“I only hope that we never lose sight of one thing — that it was all started by a mouse.” So said Walt Disney in a 1954 television special, referring to Mickey Mouse, which brought his eponymous company enduring success. Nearly seven decades later, executives at The Walt Disney Company apparently think everything stems from race. Disney’s embrace of critical race theory has turned a company created by its namesake to provide wholesome entertainment for the entire family into a hotbed of division.
Christopher Rufo of the Manhattan Institute recently obtained a presentation given by Disney to its employees regarding its “Reimagine Tomorrow” diversity initiative. The presentation instructs Disney cast members to “challenge colorblind ideologies and rhetoric,” and “avoid conflating the black experience with other communities of color,” because of “a unique history that has led to anti-black racism.”
The presentation does not merely attempt to define employees by race and gender, or reference concepts of critical race theory like “white fragility,” intersectionality, and microaggressions. It goes further, actively indoctrinating cast members by telling them to “examine and work through feelings of guilt, shame, and defensiveness to understand…what needs to [be] healed.” And it pits workers against each other, encouraging cast members to “be accountable” by flagging “problematic posts” on company message boards.
The presentation’s obsessive focus on race, racial and cultural divisions, and America’s flaws directly contradicts the image of a company firmly rooted in Americana. One cannot easily reconcile the images of “Main Street, U.S.A.” — fashioned to resemble Disney’s boyhood home of Marceline, Missouri — with language instructing employees to “reflect” on the country’s “racist infrastructure.” Does CEO Bob Chapek consider America a racist country, and if so, why does the company promote nostalgia for a nation with “a long history of systemic racism and transphobia?”
After Rufo’s reporting was published, Disney issued a statement but then removed the entire diversity and inclusion program from its internal company portal.
Disney’s fixation on race relations in the United States also contrasts with its behavior in China, where the company has arguably profited from racial genocide. Rather than condemning China’s brutal crackdown on its Uyghur Muslim population in Xinjiang province, Disney filmed its live-action remake of “Mulan” there, going so far as to thank Chinese government bodies in the credits.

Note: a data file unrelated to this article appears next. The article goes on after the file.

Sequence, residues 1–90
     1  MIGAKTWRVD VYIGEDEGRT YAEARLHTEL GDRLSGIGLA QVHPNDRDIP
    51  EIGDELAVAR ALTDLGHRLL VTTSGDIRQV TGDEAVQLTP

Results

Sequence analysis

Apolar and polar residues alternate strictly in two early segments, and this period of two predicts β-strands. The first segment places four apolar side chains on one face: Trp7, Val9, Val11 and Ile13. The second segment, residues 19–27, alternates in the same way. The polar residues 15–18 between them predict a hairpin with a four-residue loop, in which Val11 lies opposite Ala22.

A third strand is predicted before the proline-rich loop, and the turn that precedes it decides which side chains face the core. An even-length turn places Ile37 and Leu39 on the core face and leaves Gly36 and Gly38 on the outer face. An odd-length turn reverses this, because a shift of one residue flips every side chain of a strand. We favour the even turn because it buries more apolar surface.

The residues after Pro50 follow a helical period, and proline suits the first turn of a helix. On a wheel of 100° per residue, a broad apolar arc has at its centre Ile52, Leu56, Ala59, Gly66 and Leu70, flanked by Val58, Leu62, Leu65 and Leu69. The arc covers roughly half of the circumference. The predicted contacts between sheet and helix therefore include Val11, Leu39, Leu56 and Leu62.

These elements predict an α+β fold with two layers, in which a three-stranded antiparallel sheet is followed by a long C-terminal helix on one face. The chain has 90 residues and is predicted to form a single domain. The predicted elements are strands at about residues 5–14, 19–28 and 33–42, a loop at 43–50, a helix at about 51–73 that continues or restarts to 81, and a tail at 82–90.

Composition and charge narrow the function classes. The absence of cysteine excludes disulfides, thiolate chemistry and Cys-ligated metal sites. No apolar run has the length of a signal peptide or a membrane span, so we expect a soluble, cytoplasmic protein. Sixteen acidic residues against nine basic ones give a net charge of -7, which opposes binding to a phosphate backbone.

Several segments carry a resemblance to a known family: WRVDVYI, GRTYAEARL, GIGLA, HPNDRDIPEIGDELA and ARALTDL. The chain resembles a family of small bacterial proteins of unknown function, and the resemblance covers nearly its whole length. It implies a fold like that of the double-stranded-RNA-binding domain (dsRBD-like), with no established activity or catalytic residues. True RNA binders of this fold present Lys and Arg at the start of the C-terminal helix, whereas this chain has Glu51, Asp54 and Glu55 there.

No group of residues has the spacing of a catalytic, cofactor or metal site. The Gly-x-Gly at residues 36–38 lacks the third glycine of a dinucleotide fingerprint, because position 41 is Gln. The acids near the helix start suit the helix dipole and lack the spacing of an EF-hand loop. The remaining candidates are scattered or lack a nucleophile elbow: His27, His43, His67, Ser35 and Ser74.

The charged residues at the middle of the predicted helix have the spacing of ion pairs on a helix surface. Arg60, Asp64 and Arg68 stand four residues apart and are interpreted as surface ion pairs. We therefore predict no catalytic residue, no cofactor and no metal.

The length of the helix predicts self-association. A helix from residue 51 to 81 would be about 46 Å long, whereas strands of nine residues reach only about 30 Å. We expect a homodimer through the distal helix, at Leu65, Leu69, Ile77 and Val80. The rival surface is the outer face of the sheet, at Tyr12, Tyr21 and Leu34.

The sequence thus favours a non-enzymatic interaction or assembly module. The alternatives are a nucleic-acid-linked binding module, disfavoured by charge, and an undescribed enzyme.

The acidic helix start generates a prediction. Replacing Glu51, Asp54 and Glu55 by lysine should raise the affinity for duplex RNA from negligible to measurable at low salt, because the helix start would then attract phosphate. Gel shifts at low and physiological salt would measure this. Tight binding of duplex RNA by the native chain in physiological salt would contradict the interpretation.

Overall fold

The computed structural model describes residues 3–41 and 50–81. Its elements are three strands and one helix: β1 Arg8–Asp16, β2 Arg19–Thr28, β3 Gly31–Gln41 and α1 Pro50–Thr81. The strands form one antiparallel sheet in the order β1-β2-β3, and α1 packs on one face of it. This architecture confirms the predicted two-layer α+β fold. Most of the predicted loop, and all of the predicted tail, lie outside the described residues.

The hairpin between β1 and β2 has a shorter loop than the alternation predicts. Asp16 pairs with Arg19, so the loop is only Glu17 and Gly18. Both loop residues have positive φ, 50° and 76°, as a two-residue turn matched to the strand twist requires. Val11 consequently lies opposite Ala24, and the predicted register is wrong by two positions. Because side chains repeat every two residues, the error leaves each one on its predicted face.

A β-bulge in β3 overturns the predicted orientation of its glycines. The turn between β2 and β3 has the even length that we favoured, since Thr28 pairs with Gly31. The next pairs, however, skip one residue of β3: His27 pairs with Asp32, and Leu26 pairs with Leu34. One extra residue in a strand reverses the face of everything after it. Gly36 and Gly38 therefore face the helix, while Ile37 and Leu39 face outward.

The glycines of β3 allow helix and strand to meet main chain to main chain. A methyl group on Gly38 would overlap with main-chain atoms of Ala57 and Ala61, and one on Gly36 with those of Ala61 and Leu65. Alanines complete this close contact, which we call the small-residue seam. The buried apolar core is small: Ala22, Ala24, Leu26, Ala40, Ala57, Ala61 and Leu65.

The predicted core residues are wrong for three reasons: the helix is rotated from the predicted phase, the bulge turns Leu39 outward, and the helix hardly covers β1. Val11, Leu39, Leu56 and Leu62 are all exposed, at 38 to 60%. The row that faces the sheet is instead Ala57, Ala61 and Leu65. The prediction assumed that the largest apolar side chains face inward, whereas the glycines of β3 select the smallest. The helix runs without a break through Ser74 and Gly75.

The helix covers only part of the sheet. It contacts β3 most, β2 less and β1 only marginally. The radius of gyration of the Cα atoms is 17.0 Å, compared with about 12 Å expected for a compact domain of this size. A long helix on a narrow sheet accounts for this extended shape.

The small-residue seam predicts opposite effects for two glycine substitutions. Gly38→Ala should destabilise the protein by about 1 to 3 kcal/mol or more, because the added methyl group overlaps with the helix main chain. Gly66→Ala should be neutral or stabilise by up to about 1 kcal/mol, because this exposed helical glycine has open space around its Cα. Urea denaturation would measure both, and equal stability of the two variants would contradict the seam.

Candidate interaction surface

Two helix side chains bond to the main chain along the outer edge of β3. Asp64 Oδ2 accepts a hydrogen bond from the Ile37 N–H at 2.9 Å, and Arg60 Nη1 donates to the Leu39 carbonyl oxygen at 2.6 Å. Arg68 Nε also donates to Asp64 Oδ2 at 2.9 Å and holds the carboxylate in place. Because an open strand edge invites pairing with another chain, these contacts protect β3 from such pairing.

While current Executive Chairman and former CEO Bob Iger said in an internal training video that Disney “should be taking a stand” on political controversies, in 2019 he said just the opposite regarding China’s human rights crackdown in Hong Kong: “To take a position that could harm our company in some form would be a big mistake.”
Finally, the presentation’s focus on “equity” — “focus[ing] on the equality of the outcome” — belies the behavior of company executives. According to the company’s proxy statement, in 2020 outgoing CEO Iger received over $31.5 million in total compensation, with incoming CEO Chapek receiving another $19.5 million. If Disney wants to promote equity, does it plan on capping executive compensation at the company’s median salary, to ensure all cast members receive equal outcomes?
Disney aficionados know that Roy E. Disney not once but twice used shareholder activism to defend the company his uncle founded. His first “Save Disney” campaign, in the 1980s, sought to prevent a hostile takeover that would dismantle the company. Twenty years later, Roy Disney’s second proxy campaign ultimately led to Michael Eisner’s removal as CEO. As a longtime Disney owner appalled by the messages sent by this presentation, I believe that conservatives may need to embark on a third “Save Disney” shareholder campaign — this one to sever the company’s reliance on critical race theory.
On July 17, 1955, the park’s namesake dedicated Disneyland by reading a plaque that began “To all who come to this happy place, welcome.” Little did Walt Disney suspect that decades later, his company would seek to define and divide cast members by race. Like any mortal man, Walt Disney had his faults, but he deserves better than the company’s current descent into progressive indoctrination and cultural Marxism.